As someone who has done exactly what you're planning to do (except
that I did it as a writer rather than a computer consultant), I am
quite familiar with your situation.
The basic answer is yes: You will need to pay taxes on what your earn
and notify the tax agencies of your earnings. Whether you need to do
so in advance depends on your situation.
The self-employment tax is basically a tax to handle what you and your
employer would be paying for Social Security and Medicare. This tax is
in addition to any income taxes.
That tax is explained on this page:
"Self-employment tax (SE tax) is a social security and Medicare tax
primarily for individuals who work for themselves. It is similar to
the social security and Medicare taxes withheld from the pay of most
wage earners. You figure SE tax yourself using Schedule SE (Form
If you earn less than $400 during the year from self-employment, you
don't need to pay the self-employment tax.
If you expect that you will owe $1,000 or more in federal income taxes
at the end of the year, you will need to pay those taxes as you go.
Details about how to do that are on this page:
What I have done is made sure that my withholding from my employer was
large enough to pay for any of my income taxes from self-employment.
(I've done this by claiming fewer deductions on my W-2 form than to
what I'm entitled.) That seems a lot more palatable than writing a
check to the IRS every quarter or so. Of course, how you do that is
up to you. But if you expect to end the year owing more than $1,000 in
federal taxes beyond what you've had withheld, you will need to make
payments during the year. You can be penalized if you don't.
In addition to filling out the forms for the self-employment taxes
with the IRS, you'll need to fill out separate forms to indicate your
income. The exact forms you will fill out depends on the type of
business, whether you depreciate property and that sort of thing. But
chances are you will be able to use Schedule C.
Here are links to the federal forms, then, that you will need:
Schedule ES (estimated tax)
Schedule C (profit or loss from self-employment)
Schedule SE (self employment)
Schedule C is where you would indicate what your businesses expenses
are, including the purchase of computer and office equipment. You
should read the instructions carefully; if you use furniture and that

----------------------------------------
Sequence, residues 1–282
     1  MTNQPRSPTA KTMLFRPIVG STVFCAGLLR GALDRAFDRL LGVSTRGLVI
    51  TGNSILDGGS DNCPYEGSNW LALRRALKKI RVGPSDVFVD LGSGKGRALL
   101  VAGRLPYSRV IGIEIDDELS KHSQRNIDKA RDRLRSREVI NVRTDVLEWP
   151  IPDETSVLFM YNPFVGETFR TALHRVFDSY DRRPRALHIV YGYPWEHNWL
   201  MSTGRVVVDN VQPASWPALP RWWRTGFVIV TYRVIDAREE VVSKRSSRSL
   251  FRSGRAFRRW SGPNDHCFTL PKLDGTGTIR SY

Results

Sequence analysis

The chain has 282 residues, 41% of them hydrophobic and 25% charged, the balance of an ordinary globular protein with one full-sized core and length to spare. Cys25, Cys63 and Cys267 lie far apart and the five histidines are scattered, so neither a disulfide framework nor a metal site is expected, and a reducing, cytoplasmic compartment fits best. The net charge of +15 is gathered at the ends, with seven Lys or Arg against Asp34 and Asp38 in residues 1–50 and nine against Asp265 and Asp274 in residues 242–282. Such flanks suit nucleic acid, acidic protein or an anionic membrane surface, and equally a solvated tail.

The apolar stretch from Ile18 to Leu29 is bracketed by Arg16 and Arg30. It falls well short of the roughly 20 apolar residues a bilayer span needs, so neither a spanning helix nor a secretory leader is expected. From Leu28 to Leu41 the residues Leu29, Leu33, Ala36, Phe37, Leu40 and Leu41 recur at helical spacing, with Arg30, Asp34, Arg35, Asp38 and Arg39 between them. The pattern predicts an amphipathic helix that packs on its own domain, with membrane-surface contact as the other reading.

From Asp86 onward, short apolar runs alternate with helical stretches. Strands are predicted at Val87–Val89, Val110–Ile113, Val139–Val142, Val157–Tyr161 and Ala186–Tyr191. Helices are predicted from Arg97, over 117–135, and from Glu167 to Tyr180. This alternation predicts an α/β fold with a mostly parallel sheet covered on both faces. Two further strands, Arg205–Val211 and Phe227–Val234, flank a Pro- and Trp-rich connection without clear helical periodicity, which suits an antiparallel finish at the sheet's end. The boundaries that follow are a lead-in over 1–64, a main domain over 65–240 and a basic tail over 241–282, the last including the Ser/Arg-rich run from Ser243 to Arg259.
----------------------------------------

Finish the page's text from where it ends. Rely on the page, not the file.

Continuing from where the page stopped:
sort of thing for both household and business use, there may be limits
on how much you can deduct as a business expense. But with anything
that is used exclusively for business use there is no problem. There
also are limits in terms of what you can deduct for meals and that
sort of thing, but other obvious expenses (such as speciality software
you might need to do your job) are fully deductible.
That takes care of your obligations with Uncle Sam. The situation for
Illinois is a bit easier. Illinois bases its income taxes on the
federal rules, so once you fill out the federal forms you can simply
use the total income numbers and plug them into your state form, which
you can download here:
There is no separate self-employment tax. But if you expect to owe
$400 or more on your state income taxes, you will need to make
payments as you go. The form for doing that can be found here:
2004 Estimated Tax Payment Voucher
If any of your work involves something that you'd have to charge sales
tax for (such as if you sold software), you will need to register to
collect sales tax. Information on that procedure is available here:
State Tax Information
You can get information about any business-related tax forms you may
need on this page:
Sales/Withholding Tax Forms
In addition to your federal and state tax obligations, you should also
check to make certain that your business isn't affected by other laws.
You may, for example, need a permit in your city to run a business,
and you may need a rider with your car insurance to make sure it
applies while you are driving for self-employment purposes.
I hope this information is helpful. Best wishes in your business!
Search strategy: Based in part on personal knowledge gained by being
in a similar situation, I searched through the IRS and Indiana
Department of Revenue sites, reading the forms listed above and their
instructions to develop the answer.